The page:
I've done both MP & CP, and personally love both for their own reasons. I have nothing against which craft someone chooses, and don't agree with this ongoing "us vs. them" dialogue. MP soap isn't "cheating" - it is what it is.
 

jules92207

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I don't understand why there is such a stigma with M&P. I only do CP/HP but that is because I don't have a strong creative streak and I think it takes a real artist to make the work you all make. Its still soap, you make it beautiful.

I am sure others are like me too and can admire and appreciate what you do. :)
 

Seawolfe

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I would guess that by the time a person who makes melt and pour soap has bought decent bases, add-ins, moulds, colors, fragrances and whatnot, that M&P is more expensive than CP. I'm also willing to bet that some of the intricate M&P creations that I see take more time to make, simply because you only have a limited amount of time to finish CP before it sets up, and if know I can make 4 lbs of pretty CP soap in an hour or less.

The only valid arguments I see are about the quality of the M&P base, but some are very good quality indeed. And some M&P sellers do the whole "my soap wasn't made with lye so it's better" which is just weird.

Other than that it sounds like two women at a bake sale, dissing each other because one used store bought jam in her cake, and the other didn't hand make her sprinkles. People buy what they like, it's that simple. Blaming your competitor means you're missing the point.
 

Lindy

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I believe there is room for both. The talent that I see expressed doing M&P blows me away, things that we will never achieve with CP/HP. Yes we create beautiful products but we are limited and the new bases are not full of surfactants of dipropylene glycol.... I think there is a certain amount of arrogance and snobbery shown by our side of the room (CP/HP). Personally I have no idea how they do it....
 

btz

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Exactly. M & P can be very creative and time-consuming (plus a good base is more expensive to buy than making from scratch). Just look at this shop: www.etsy.com/shop/Kokolele
Sounds like neither camp had wise attitudes.....
Some of the soaps looks so good. If I bought 1, I won't use it, I'll just put it on display.

As for MP vs CP, I think both sides has pro and cons. It's up to the customer to decide which one they want to buy.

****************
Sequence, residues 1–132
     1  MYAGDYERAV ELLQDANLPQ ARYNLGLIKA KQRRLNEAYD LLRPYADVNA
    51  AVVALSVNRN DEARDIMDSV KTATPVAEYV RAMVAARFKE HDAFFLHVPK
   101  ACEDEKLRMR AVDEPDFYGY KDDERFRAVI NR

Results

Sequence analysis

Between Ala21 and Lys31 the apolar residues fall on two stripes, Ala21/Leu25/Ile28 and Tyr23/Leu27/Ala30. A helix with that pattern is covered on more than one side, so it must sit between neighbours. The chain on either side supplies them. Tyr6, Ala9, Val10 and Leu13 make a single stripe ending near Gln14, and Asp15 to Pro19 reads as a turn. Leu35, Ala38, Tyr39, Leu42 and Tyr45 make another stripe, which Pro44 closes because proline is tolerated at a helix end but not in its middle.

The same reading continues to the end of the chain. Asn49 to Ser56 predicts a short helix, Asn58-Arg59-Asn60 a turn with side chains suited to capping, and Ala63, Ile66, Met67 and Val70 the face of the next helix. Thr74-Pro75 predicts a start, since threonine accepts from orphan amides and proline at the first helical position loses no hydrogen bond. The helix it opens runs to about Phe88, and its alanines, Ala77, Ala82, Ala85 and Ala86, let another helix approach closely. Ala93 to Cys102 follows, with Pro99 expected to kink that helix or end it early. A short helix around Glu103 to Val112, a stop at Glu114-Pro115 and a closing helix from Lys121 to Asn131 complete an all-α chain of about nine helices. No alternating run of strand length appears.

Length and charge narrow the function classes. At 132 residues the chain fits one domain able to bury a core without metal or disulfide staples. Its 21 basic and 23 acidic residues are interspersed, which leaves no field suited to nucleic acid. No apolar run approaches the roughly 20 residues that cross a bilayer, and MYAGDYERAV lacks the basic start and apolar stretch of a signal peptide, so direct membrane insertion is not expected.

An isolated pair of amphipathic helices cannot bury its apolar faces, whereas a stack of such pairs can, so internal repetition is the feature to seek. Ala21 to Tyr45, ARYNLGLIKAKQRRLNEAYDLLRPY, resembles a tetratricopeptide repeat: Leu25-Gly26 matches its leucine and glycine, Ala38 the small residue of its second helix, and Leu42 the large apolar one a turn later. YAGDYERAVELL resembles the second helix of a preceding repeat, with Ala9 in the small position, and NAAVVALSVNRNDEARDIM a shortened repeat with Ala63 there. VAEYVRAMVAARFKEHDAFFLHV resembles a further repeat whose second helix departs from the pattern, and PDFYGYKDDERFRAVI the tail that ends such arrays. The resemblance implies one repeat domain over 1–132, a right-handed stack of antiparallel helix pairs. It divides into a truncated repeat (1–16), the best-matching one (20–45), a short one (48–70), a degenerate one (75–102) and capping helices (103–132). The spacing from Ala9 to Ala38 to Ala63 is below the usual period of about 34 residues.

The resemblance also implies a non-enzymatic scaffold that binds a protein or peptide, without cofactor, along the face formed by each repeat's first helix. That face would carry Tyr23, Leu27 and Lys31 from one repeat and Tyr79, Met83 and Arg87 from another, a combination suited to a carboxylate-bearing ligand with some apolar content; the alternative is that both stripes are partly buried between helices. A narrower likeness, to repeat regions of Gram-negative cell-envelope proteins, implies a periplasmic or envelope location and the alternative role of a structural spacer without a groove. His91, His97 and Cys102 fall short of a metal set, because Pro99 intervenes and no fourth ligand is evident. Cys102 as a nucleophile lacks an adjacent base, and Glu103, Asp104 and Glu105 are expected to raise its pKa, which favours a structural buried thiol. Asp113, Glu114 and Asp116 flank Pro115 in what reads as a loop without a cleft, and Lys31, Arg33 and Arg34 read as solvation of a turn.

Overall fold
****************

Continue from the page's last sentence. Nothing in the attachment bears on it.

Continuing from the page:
Dorymae

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What people need to realize is that it is apples and oranges. M&P is not easy when it is done well. It takes a long time to create intricate designs.

No, M&P is not making soap, but it is designing soap. It takes quite a while to get good at making nice looking M&P.

Since you compared it to cake, think of it as a beautifully decorated cake. The cake may have come from a mix but it does not take away from the artistic ability of the design. In contrast maybe you make an awesome carrot cake from scratch. Your design isn't as intricate but the cake is something you made all on your own. They are two different things, and yes I think there is a place for both.
 

Jaccart789

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I have NEVER felt a melt and pour soap that compares to CP. Even before I was soap making, I could tell the difference in the quality. I honestly think there is no comparison. I never buy anything for looks as far as soap is concerned. I am a person who reads ingredients and really care not only about what I eat but what I put on my skin.

To those who make MP soap, does the lather and quality compare? I am wondering because the two times I have tried them I hated them. I am wondering if it was the formula and not so much MP. Can they be just as nice as traditional soap?

By the way to answer your question... MP is not cheating. It has its place and they are beautiful. Its the beauty of capitalism and competition is a good thing. :)
 
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Lindy

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Here is the ingredient list for the new style of MP:
Coconut Oil, Palm Oil, Safflower Oil, Glycerin (vegetable origin), Unrefined Cocoa Butter , Purified Water, Sodium Hydroxide (saponifying agent), Sorbitol (moisturizer), Sorbitan oleate (emulsifer), Oat protein (conditioner), Titanium Dioxide (mineral whitener used in opaque soaps)
I no longer see any artificial surfactants nor dipropylene glycol. I have had friends give me MP to see what I thought, and these ladies were exception at what they did and their soap was every bit as nice as CP. The old bases that were full of detergents & DPG were not pleasant to use....

I used to be as snobby about MP until I was educated about it. They are adding butters, and other additives for superfat and creating soaps that will rival ours to the uneducated.
 

CanaDawn

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Sort of like "oh, but lye soap is harsh"....saying M&P isn't soaping is kinda..."old school" or undereducated about the nuances and improvements to the art/skill/craft/science.
 

Jaccart789

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Here is the ingredient list for the new style of MP:


I no longer see any artificial surfactants nor dipropylene glycol. I have had friends give me MP to see what I thought, and these ladies were exception at what they did and their soap was every bit as nice as CP. The old bases that were full of detergents & DPG were not pleasant to use....

I used to be as snobby about MP until I was educated about it. They are adding butters, and other additives for superfat and creating soaps that will rival ours to the uneducated.
Thanks Lindy for clearing things up. I tried the MP soap from a friend who used the base from Michaels I think. It was probably what made the difference. I honestly haven't tried a good quality, so I might change my mind if I tried a good base.